The enterprise certainly has a vested interest in fostering greater collaboration within its workforce as well as with outside entities like suppliers, partners and even customers. But there are many ways to collaborate, which naturally means there are many options to choose from when it comes to selecting collaboration software.
The general rule of thumb is to select a platform that best meets your needs, but that’s kind of like saying the best shoes are the ones that fit your feet. So rather than evaluating collaboration as a single function, most experts recommend breaking them down to their constituent pieces to determine which sets of key features will best support your business model.
“There’s lots of technology at work that provides more notifications and information, but doesn’t provide teams with insight into the work being done and in turn creates more work,” says Chris Farinacci, head of business at software developer Asana. “Asana’s capabilities empower team leaders and planners to identify issues and opportunities across projects, so they can focus their attention and energy where it will have maximum impact.”
One key element in a successful deployment is the ability to integrate into legacy workflows rather than force knowledge workers into new patterns. The trick is to improve these processes to make them faster and more efficient without disrupting established routines.
“The goal … is to enable all teams to coordinate, manage, and execute their work in a way they can get more done with less effort,” Farinacci said.
This is usually managed through broad integration with existing tools, such as Gmail and Dropbox, which allows users to coordinate their activities through a single interface. At the same time, targeting key employees who can then evangelize the new, streamlined work process goes a long way toward getting the buy-in of the workforce at large.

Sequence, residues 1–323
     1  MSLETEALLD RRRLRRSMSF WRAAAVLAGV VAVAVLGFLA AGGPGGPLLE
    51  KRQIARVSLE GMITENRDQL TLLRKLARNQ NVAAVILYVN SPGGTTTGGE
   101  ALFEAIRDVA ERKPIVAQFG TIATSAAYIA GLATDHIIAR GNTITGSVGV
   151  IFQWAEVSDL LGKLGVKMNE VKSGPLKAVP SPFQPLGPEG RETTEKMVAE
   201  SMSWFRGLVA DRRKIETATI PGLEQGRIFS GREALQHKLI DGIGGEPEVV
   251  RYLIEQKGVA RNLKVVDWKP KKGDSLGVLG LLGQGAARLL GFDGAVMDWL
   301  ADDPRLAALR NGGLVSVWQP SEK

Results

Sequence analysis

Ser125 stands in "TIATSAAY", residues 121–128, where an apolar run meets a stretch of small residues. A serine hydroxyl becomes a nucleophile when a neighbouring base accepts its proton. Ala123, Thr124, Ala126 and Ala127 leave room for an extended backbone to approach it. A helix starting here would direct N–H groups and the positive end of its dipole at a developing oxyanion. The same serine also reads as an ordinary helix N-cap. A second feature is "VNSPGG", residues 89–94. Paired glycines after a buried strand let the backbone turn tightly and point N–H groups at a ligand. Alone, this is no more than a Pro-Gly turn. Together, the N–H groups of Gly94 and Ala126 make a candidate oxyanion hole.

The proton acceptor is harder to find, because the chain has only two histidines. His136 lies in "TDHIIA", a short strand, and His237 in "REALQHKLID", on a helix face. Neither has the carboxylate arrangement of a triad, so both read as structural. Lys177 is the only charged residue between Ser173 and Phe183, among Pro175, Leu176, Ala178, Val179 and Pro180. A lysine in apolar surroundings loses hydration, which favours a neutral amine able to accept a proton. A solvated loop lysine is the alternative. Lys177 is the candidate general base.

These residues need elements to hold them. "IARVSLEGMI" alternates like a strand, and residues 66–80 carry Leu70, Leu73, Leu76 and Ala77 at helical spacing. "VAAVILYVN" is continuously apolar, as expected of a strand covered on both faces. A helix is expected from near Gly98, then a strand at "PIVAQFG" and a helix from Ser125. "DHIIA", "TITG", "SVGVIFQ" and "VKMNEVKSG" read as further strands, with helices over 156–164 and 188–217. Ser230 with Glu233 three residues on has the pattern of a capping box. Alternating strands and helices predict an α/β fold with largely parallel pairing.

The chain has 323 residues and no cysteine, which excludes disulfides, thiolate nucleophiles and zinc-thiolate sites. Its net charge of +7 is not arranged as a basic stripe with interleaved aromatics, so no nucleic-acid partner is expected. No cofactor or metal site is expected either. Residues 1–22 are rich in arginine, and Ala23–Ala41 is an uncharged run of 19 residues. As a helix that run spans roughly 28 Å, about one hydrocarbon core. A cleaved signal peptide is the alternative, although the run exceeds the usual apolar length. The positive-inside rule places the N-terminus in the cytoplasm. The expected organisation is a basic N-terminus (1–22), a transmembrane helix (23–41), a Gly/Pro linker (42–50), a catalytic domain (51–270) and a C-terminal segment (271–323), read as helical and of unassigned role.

Ultimately, however, collaboration is a two-way street: Employees will utilize the tools that bring them the greatest benefit while the platform will impact workers’ habits and the corporate culture itself.
“Traditional productivity software for individuals has moved now to team collaboration,” Farinacci said. “When you have a structure, plan, process or goal, teams should understand who’s doing what at any point at any given time so that they don’t waste all that time trying to coordinate. The software can help you do that and we find our customers are able to spend more time on the actual work.”
Below are some of the leading collaboration platforms:
Asana offers a range of list, board, calendar and other tools to organize projects from the start, then provides a visual planning function to map out key steps and pinpoint potential trouble spots. It also has a template function to standardize common processes.
CodingTeam describes its platform as a “forge” that allows development teams to coordinate workflows over a network. It includes a number of dev-centric tools, such as a bug-tracking system that allows classification and fix uploads, as well as a translation system to convert code from one language to another.
Flowdock organizes projects into collaborative flows, which can house multiple conversational threads while also preserving the ability to view project integrations in a single space. Threads can be defined by confidentiality and other policies, while users have the ability to customize their tool sets and personalize their presences with gifs and emojis.